Honored were the 11th century Preah Vihear temple site, perched on a mountaintop on the Thai-Cambodia border; the cities of the Straits of Malacca, Melaka and George Town in Malaysia, and the Kuk Early Agricultural Site in Papua New Guinea, marking the country's first entry on the list.
The UNSECO committee has been meeting in this oldest of Canadian cities since Wednesday to consider adding to its coveted list of protected architectural and natural wonders.
A total of 45 new sites are vying for inclusion on the list this year at the meeting which ends on Thursday, but few are more controversial than the Preah Vihear temple.
Last week, Cambodia deployed riot police to protect the Thai embassy for fear that a border dispute over the temple could spark violent protests.
The move came after Thailand suspended its endorsement of Cambodia's bid for the UN cultural agency UNESCO to grant the long-disputed Preah Vihear temple World Heritage status.
Security forces were also mobilised to protect Thai-owned businesses in the capital Phnom Penh.
In 1962, the dispute over the 11th-century Preah Vihear temple went before the World Court, which ruled that the temple belonged to Cambodia, although the main entrance lies at the foot of a mountain in Thailand.
The long-standing row appeared resolved last month, after Thailand endorsed Cambodia's plan to seek World Heritage status at a UNESCO meeting in Canada this week. But the deal sparked a political controversy in Thailand, and last week Cambodia closed the mountaintop temple after more than 100 Thais marched to the compound to protest the deal.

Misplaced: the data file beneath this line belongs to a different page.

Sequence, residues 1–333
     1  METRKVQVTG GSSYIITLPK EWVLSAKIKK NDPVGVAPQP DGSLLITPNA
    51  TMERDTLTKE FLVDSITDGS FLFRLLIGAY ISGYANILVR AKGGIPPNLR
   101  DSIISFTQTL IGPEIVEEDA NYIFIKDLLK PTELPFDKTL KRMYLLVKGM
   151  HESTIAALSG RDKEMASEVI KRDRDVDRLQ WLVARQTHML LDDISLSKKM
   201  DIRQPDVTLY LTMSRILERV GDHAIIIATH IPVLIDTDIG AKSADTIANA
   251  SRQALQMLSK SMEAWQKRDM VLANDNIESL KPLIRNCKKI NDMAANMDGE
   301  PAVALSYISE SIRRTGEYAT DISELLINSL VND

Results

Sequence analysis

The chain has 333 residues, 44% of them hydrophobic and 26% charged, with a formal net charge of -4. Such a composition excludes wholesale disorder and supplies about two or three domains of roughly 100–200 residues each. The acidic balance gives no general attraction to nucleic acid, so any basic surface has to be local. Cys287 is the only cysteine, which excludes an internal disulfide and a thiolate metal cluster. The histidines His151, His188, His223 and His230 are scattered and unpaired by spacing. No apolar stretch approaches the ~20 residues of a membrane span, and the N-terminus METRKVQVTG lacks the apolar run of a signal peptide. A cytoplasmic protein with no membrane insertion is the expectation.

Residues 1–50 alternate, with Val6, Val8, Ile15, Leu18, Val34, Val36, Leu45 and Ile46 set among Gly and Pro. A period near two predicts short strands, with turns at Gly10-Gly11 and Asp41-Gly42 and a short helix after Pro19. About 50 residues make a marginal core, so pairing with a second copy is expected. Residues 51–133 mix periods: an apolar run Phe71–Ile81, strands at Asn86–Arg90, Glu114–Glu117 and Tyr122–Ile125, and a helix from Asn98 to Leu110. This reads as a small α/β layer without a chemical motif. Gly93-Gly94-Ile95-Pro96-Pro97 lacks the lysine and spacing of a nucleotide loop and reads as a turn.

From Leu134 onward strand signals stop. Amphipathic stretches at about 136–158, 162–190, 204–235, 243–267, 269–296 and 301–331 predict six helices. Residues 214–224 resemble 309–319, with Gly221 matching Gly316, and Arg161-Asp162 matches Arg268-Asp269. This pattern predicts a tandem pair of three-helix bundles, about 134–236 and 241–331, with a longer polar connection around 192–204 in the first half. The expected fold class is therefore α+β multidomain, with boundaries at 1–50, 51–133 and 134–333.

A Thai court then forced the government to suspend its endorsement of the plan. To date, 862 sites in more than 140 countries have been designated UNESCO world heritage sites. The Kuk agricultural site in the southern highlands of Papua New Guinea are some 1,500 meters above sea-level, and excavations have shown they have been continuously worked for some 7,000 years, and maybe up to 10,000.
"It is an excellent example of transformation of agricultural practices over time, from cultivation mounds to draining the wetlands through the digging of ditches with wooden tools," UNESCO said in a statement on its website. As for the Malaysian towns which developed over 500 years of trading, "the influences of Asia and Europe have endowed the towns with a specific multicultural heritage that is both tangible and intangible," UNESCO said.
"The two towns constitute a unique architectural and cultural townscape without parallel anywhere in East and Southeast Asia."
Also on Monday, the committee included 12 examples of the 17th century military architecture of the Marquis de Vauban, who built or upgraded more than 300 fortifications in France.
His radical and influential designs include the pentagonal fortress. Other sites added at this week's session include the Archaeological Site of Al-Hijr, the largest conserved site of the civilization of the Nabataeans south of Petra in Jordan and now the first World Heritage site in Saudi Arabia; and the Morne Cultural Landscape, a rugged mountain jutting into the Indian Ocean in southwestern Mauritius used as a shelter by runaway slaves in the 18th century.
China's Fujian Tulou property of 46 houses built between the 12th and 20th centuries as homes for entire clans in south-west of Fujian province, inland from the Taiwan Strait, and the Armenian Monastic Ensembles in Iran, joined the list too.
The German city of Dresden, meanwhile, has been given another year to halt construction of a new bridge across its Elbe Valley, dotted with monuments and parks from the 16th to 20th century, or face being struck off the list.